5 Stocks Insiders Are Buying Recently
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We like to keep track of buying and selling by company insiders, particularly when insiders purchase a stock. Because insiders’ income often depends on the company’s prospects, and in other cases they have some of their wealth tied to the company already, the rational thing is to invest elsewhere and diversify- unless the insider is so confident that the expected rise in the stock trumps the benefits of diversification. Insider purchases should therefore serve as a bullish signal, and according to academic research this tends to be the case on a statistical basis (read our analysis of academic studies on insider trading). Here are some stocks that insiders have been buying recently:
Richard Emmett, a Board member at Francesca’s Holdings (NASDAQ: FRAN), bought 5,000 shares of the stock on September 11th at an average price of $29.01. This purchase is particularly interesting because the company’s president, Neill Davis, also bought shares the previous week (read more about the $700,000 purchase and see more analysis of the company). This means that Francesca’s is seeing consensus insider buying. Did you see our analysis of academic studies on insider trading earlier? If not, here’s something you missed: consensus insider buying is a particularly bullish sign.
Board member Kathleen Behrens of Sarepta Therapeutics (NASDAQ: SRPT) purchased 17,500 shares of the roughly $300 million market cap biotech company at an average price of $14.73 per share (it has plenty of liquidity; on average, over a million shares are traded daily). With the stock price currently just above $13, investors can buy at a considerably lower level than she did. The company has a drug, Eteplirsen, in phase 2 clinical trials for the treatment of a particular type of muscular dystrophy; several other drugs are in early stages of development. The stock is up 87% over the last year.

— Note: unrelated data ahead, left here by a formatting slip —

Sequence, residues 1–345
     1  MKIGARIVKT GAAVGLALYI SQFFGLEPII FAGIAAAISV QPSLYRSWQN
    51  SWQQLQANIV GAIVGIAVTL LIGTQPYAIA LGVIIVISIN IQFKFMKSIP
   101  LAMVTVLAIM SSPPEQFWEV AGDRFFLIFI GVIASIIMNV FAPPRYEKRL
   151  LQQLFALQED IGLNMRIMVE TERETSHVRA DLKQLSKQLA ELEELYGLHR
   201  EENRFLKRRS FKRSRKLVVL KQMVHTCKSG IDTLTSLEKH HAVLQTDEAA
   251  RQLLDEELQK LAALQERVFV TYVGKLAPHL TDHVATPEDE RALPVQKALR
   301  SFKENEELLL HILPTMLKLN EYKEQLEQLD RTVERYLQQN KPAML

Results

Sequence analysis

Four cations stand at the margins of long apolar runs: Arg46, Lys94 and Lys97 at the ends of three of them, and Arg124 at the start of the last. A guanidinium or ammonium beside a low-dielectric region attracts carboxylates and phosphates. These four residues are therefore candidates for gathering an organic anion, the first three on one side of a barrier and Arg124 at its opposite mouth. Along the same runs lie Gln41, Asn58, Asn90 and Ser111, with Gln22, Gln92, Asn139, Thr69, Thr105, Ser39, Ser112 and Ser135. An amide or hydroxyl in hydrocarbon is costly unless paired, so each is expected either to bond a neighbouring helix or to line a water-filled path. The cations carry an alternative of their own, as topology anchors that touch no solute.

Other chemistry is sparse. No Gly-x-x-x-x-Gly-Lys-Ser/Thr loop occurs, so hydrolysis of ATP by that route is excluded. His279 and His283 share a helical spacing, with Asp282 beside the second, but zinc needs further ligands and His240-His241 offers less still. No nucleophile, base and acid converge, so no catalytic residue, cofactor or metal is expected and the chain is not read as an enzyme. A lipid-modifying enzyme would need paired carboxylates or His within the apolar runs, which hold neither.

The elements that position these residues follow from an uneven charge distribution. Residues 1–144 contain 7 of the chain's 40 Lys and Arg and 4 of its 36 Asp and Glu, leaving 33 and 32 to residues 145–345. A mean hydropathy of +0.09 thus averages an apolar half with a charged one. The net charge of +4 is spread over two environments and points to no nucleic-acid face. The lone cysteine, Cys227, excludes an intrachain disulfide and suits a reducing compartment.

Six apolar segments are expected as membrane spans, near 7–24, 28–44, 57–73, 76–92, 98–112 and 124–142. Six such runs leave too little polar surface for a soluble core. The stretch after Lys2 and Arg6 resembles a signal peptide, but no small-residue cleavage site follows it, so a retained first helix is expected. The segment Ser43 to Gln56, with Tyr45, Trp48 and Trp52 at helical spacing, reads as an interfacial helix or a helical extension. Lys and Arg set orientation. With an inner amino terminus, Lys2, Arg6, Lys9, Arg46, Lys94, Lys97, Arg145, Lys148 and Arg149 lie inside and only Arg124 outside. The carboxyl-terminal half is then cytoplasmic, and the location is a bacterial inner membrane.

Another Board member- this one Jamba (NASDAQ: JMBA)’s David Pace- thought his company was a buy. Pace invested about $100,000 in purchasing 40,000 shares. The shopping mall juice fixture is a small-cap company but like Sarepta has decent volume, averaging nearly a million shares traded per day over the last three months. Jamba is unprofitable on a trailing basis but the sell-side expects 10 cents per share in earnings for 2013, which implies a forward multiple of 25. Jamba has been growing its business recently- revenue rose 12% and earnings rose 17% in its most recent quarter compared to a year ago- but the pricing may still be a bit too high here. Jamba also has a beta of 3.2, indicating a good deal of exposure to the broader market.
CFO Michael Ashby of Calix (NYSE: CALX) bought 50,000 shares of the broadband communications company on September 10th at an average price of $5.57 per share. Calix’s stock has fallen 53% since a year ago, and this decline may have been warranted as revenue fell by a double-digit percentage last quarter versus the same period in the previous year. The company is expected to squeak into profitability this year and generate EPS of 36 cents for 2013. Assuming the sell-side is correct in this projection, the company is trading at 17 times forward earnings.
Finally, EnerNOC (NASDAQ: ENOC)- a $300 million market cap company (with nearly $3 million in average daily dollar volume over the last three months) which provides energy management services to commercial and industrial customers- saw Board member Arthur Coviello Jr. purchase 25,000 shares of the stock at an average price of $10.40 per share. This transaction more than doubled Coviello’s stake in the company. EnerNOC is expected to lose money this year (and it has done so in both quarters so far) but turn a small profit in 2013. Based on analyst expectations, the forward P/E is 40.
This article is written by Matt Doiron and edited by Meena Krishnamsetty. They don't own shares in any of the stocks mentioned in this article. The Motley Fool owns shares of EnerNOC. Motley Fool newsletter services recommend EnerNOC. Try any of our Foolish newsletter services free for 30 days. We Fools may not all hold the same opinions, but we all believe that considering a diverse range of insights makes us better investors. The Motley Fool has a disclosure policy.If you have questions about this post or the Fool’s blog network, click here for information.